Pakistan is one step closer to becoming a recognizable player in aerial combat after showing off its JF-17 “Thunder at this year’s Paris Air Show. Officials proudly announced that the aircraft, the result of a Sino-Pakistani collaboration, scored its first (unidentified) customer with another eleven nations interested in acquisitions.
The concept of a Sino-Pakistani warplane dates back to 1974 when the two governments considered collaborating on an updated variant of the Mikoyan-Gurevich MiG-21 “Fishbed.” The effort didn’t materialize, but the two countries revived collaboration on an all-new aircraft in the 1990s. The collaboration produced the JF-17 and its Chinese counterpart, the FC-1 “Fierce Dragon.”
The makings and history of the JF-17 fighter plane
The first JF-17 left the factory in spring 2003 and made its public debut in China that fall. Mechanical problems pushed its service entry to 2010.
Pakistan hopes the JF-17 will make up the backbone of its air force, made up of approximately thirty squadrons. Currently, the Chengdu F-7 “Skybolt” (a MiG-21 variant), Dassault Mirage III and V, and General Dynamics F-16 “Fighting Falcon” serve as the air force’s mainstays.
The single-seat Thunder measures forty-nine feet in length and thirty-one in wingspan. Empty, the plane’s weight is roughly 7.2 tons. The Russian Klimov RD-33 engine, found in the Mikoyan MiG-29 “Fulcrum,” drives the craft to a top speed of Mach 1.6 and a ceiling of around 55,000 ft. A 23 or 30 mm cannon and eight hardpoints serve as the arsenal. The Thunder also uses a Nanjing Research Institute of Electronic Technology (NRIET) radar system with twenty-two operational modes, a laser tracker, signal jammer and infra-red. Analysts are uncertain about the plane’s cost, with estimates veering from $15,000,000 to $30,000,000 per unit. While estimates fluctuate, analysts seem to agree that the plane will be about half the price of a comparable Western aircraft.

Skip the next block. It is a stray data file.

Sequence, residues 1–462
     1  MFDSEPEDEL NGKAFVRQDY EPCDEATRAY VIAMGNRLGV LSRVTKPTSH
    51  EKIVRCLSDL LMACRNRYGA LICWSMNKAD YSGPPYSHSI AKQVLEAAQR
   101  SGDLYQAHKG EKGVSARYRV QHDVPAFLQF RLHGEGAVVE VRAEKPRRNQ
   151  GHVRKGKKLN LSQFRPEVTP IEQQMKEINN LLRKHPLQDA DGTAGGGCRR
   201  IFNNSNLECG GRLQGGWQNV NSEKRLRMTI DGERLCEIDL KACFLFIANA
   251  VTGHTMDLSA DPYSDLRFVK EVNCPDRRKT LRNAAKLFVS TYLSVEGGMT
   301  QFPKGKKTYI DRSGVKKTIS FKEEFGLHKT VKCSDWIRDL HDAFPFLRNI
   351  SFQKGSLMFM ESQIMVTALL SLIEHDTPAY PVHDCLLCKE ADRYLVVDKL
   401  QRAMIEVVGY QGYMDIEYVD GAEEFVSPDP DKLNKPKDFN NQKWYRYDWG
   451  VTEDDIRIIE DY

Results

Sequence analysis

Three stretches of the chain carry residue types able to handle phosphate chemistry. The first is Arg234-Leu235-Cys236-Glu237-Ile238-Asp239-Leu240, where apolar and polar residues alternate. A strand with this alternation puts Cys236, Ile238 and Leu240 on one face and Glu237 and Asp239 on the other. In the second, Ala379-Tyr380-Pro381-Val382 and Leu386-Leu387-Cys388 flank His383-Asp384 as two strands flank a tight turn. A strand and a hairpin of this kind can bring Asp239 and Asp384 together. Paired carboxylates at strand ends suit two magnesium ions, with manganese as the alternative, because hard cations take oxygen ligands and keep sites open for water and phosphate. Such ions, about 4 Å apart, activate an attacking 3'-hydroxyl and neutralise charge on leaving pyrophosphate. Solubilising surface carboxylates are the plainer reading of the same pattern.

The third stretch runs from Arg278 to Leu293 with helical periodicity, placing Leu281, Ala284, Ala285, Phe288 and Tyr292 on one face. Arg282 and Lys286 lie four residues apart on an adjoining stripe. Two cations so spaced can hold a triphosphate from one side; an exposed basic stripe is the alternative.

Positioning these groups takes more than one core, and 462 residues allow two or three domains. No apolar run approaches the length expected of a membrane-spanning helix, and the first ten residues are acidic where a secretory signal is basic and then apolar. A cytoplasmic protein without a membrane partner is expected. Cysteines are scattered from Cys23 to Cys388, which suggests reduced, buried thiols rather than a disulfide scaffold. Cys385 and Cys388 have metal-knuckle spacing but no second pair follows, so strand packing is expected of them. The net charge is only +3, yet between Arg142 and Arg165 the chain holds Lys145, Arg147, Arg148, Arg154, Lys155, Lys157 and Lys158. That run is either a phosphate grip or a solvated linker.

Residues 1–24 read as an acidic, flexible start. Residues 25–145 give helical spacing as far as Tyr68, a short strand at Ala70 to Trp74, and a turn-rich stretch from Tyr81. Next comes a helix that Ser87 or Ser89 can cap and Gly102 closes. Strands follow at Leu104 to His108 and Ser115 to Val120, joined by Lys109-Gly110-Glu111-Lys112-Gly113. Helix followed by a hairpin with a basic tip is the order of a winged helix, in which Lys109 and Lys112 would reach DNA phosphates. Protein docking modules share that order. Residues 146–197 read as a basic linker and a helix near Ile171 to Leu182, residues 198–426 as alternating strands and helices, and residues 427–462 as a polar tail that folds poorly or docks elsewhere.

How the JF-17 performs in battle is another matter. Current operations have been limited to counterinsurgency strikes in Waziristan, not against capable air forces. While the Thunder’s cost is reasonable, it competes with the likes of the proven MiG-29 and F-16. Furthermore, those jets’ home nations are known to provide substantial discounts that a country like Pakistan is unlikely to afford. Similar aircraft, such as the Italo-Brazilian AMX and Yugo-Romanian J-22 “Eagle,” struggled to find export customers.
Another problem is Pakistan’s inexperience with large-scale aircraft manufacturing. Despite being the only user of the JF-17, the Pakistan Aeronautical Complex (PAC) has been unable to meet the country’s demand. The Chengdu Aircraft Corporation has had to make up the difference.
The effort in developing an indigenous warplane is understandable, as it gives the developing nation more control over a critical aspect of its national defense. Pakistan in particular had the misfortune of being caught up in two wars with India during US arms embargoes.
Whatever one makes of it, the JF-17 makes Pakistan one step closer to self-reliance. How much of a step remains to be seen.